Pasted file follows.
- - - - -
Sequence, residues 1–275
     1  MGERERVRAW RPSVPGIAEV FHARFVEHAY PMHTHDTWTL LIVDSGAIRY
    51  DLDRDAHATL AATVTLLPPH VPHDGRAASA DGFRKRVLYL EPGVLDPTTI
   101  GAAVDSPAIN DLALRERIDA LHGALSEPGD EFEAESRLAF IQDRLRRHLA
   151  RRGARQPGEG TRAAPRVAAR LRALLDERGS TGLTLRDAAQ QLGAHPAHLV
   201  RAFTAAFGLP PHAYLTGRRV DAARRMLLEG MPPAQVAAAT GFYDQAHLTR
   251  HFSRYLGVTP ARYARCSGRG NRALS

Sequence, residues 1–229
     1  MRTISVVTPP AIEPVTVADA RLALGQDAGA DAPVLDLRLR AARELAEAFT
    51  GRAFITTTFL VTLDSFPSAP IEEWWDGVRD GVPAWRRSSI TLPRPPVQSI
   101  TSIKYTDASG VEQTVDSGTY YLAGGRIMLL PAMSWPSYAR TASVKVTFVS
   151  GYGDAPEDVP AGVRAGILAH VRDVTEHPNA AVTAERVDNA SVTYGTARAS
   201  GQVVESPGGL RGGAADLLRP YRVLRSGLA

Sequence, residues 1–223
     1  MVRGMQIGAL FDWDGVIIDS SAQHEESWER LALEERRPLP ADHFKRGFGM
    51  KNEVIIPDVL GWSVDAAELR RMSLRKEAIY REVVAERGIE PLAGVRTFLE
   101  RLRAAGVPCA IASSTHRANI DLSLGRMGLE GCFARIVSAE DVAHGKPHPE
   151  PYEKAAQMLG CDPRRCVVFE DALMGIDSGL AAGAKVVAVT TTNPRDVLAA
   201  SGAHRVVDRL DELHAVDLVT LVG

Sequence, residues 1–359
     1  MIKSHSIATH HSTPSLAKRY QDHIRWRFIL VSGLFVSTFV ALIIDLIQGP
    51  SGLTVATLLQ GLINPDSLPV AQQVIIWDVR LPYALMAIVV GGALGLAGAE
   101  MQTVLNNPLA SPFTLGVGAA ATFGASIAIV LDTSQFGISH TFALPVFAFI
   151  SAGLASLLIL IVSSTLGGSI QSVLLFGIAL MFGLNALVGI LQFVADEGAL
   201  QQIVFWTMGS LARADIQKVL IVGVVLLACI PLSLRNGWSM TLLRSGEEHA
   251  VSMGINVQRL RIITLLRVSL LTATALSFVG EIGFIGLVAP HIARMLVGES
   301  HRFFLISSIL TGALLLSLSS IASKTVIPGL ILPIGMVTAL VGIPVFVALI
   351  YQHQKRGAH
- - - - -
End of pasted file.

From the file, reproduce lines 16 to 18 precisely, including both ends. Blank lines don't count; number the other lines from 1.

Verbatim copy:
    51  KNEVIIPDVL GWSVDAAELR RMSLRKEAIY REVVAERGIE PLAGVRTFLE
   101  RLRAAGVPCA IASSTHRANI DLSLGRMGLE GCFARIVSAE DVAHGKPHPE
   151  PYEKAAQMLG CDPRRCVVFE DALMGIDSGL AAGAKVVAVT TTNPRDVLAA